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ROME – When the Russian forces began bombing Ukraine, an Italian lay woman named Donatella Rafanelli, was asleep in her Kyiv Focolare residence, one of the new movements in the Catholic Church. She and her fellow Focolarini, as members of the movement are known in Italian, were awakened by a phone call saying the bombs were 35 miles away and they had to find refuge.
“Prayers are very much needed, because only a miracle can save us here,” she told Crux. “It seems that things are getting worse and worse. Prayer is indispensable and important.”
Once the decision to leave Kiev was made – “it made no sense to remain under the bombings,” Rafanelli said – their first instinct was to get train tickets to head west, but they were already sold out. The airport was closed. They eventually decided to move by car with the help of a priest, who offered to take them to a parish where they could be safe. The ride took 29 hours.
Though they sought safety, they have no plans to leave Ukraine: “We want to live and stay in this country,” she said.
The war, she told an Italian news outlet earlier in the week, “is pure madness.” Ukrainians had sacrificed to buy a house, put aside some savings, but the war “blew up any plans for the future, too many dreams were shattered.”
Roads out of Kiev were blocked. On the road, tanks could be seen along the way, as well as people hitchhiking to catch a ride. In the car, phones were constantly going off, providing updates about those who were planning on staying, those who were leaving, and those who needed help. This hasn’t changed: One of the key things Rafanelli has been doing since relocating is to help put people who want to leave, fleeing either the cities under strongest attack or Ukraine all together, in touch with members of the Focolare community who live in the cities or countries where people want to go.
“What we feared, but didn’t actually expect, has happened,” Rafanelli told Crux from an undisclosed location in western Ukraine.
During the days ahead of Russian President Vladimir Putin’s order to bomb Ukraine, many had spoken about the possibility of an attack on Kyiv. “When it happened, the first thing we did was to look each other in the eyes. We said: ‘This is it, we’re at war.’ And so we prayed … It was all we could do.”
Born in a small city in Italy’s Tuscan region, this lay member of the movement founded by Chiara Lubich after the second world war is planning on staying in Ukraine.
“I spoke with a journalist maybe on Tuesday [two days before the attack began], and he told me ‘No, they will not reach Kyiv; it is not possible, because it would generate an insurrection on the part of Europe’,” she said. “We did not imagine that an attack of this magnitude was possible, we hoped it would not happen.”
Rafanelli moved to Ukraine when the Focolare opened a house in Kyiv in Sept. 2019. She came from Moscow, where she spent 25 years. Coming into Ukraine, she knew the country was a hotspot with an ongoing war in the eastern region. However, it seemed like it was all very far away from the capital – Donbass, for instance, where a declaration of autonomy by two breakaway republics loyal to Moscow triggered the present conflict, is 500 miles from Kyi0v.
“I did not expect a war of these dimensions,” Rafanelli said. “I knew that there was already a war between Russia and Ukraine. I knew that the situation was difficult, and I experienced it, because coming from Russia, many people told me that it was difficult to have a dialogue with Russia.”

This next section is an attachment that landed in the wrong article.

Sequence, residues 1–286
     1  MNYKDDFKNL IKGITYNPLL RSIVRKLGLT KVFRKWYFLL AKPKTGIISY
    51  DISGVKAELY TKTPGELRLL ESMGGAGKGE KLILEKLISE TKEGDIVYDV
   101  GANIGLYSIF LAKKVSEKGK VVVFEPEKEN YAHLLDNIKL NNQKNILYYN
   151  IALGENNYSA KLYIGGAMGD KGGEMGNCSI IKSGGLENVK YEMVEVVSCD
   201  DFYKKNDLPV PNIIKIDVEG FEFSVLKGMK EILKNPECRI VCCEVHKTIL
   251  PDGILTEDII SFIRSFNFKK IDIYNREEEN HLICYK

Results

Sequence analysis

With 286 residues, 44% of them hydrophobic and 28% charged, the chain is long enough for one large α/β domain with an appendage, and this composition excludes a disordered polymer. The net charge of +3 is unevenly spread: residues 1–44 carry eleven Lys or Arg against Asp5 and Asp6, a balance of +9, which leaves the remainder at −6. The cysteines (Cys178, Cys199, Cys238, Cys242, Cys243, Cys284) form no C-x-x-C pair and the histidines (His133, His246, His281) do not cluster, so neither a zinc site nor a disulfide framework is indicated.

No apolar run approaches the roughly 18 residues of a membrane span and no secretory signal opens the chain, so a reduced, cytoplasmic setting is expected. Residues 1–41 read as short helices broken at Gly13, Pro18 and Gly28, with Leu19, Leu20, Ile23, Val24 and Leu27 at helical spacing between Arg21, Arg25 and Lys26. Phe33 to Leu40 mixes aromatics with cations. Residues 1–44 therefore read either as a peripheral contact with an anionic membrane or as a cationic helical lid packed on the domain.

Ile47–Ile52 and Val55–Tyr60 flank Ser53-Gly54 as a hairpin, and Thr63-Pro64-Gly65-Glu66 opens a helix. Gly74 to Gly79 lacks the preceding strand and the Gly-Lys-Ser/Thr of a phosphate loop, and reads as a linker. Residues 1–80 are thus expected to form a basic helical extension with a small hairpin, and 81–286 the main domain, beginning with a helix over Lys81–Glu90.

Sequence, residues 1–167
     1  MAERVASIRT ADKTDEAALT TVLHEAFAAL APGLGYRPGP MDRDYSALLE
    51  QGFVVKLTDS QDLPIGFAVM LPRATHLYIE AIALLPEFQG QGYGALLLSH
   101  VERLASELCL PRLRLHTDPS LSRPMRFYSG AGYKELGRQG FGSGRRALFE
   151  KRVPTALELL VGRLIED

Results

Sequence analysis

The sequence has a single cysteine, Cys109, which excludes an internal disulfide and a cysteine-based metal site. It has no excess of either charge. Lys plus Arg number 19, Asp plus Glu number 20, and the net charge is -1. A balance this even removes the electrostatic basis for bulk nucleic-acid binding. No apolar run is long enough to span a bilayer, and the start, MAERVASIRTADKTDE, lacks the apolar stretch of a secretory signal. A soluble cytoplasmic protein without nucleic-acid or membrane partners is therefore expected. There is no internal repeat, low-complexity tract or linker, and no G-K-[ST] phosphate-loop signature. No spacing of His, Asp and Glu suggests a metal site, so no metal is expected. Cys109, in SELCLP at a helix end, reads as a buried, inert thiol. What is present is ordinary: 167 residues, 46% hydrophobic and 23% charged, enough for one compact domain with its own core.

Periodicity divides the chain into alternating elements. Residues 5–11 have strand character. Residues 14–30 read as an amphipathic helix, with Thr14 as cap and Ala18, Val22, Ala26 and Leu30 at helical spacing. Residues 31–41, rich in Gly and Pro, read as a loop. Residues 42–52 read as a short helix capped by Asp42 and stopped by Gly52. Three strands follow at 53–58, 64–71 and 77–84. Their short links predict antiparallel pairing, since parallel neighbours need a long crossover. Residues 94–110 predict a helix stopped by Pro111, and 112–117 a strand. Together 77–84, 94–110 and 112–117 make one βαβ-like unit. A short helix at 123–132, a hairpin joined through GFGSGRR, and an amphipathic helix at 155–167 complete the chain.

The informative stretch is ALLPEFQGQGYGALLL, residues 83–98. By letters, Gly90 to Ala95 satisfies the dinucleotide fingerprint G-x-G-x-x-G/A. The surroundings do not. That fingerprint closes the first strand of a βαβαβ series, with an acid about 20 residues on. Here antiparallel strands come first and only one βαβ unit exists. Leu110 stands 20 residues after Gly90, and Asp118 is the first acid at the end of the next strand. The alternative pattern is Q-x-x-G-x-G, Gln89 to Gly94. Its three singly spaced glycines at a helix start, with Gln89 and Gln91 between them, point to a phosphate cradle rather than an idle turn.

“Yet even on the days leading up to the escalation, we did not expect something like this,” she said. “No one began preparing for an imminent attack on Wednesday. We all had hopes that the dialogue efforts would lead to peace, not to this.”
Reflecting the sense of surprise, Rafanelli said, humanitarian efforts from NGOs on the ground have been organized largely on the fly. From Caritas to the many religious orders and movements present in the country, no one had prepared for what came.
Despite the dire situation, many of those who are left, remain in good spirits. Rafanelli said the people she knows “love this country. They haven’t given in and won’t give up, because they love Ukraine. This is a people with an incredible courage, who are welcoming and hospitable, which is something I can attest to personally.”
Among those who welcomed her when she first arrived, she said, is a woman by the name of Galia. She’s 75 today, and has decided to remain in Kyiv. During a moment of prayer via Zoom held with Focolarini from other countries, including Italy, Poland, and Hungary, Galia spoke of what those who are still in the capital are going through.
“The strength with which she spoke, it seemed like she was speaking of somebody else, almost as if it wasn’t her who spent her nights in a bomb shelter, then going home to rest when the sirens were off, who is trying to cook for those who have no food in between the sirens,” she said. “And I have an endless list of examples and stories such as this one.”
Despite valiant efforts by the Ukrainian army and peace talks being held, it is hard to know what the future will bring, Rafanelli said.
“It is very difficult to plan ahead,” she admitted. “I have a project, which is to stay here, to continue to help. And I have a dream: To return to Kyiv. It is a big dream, I know, because it means that things will get better. If I am being realistic, this is a dream no one can truly expect. But well, I believe in miracles.”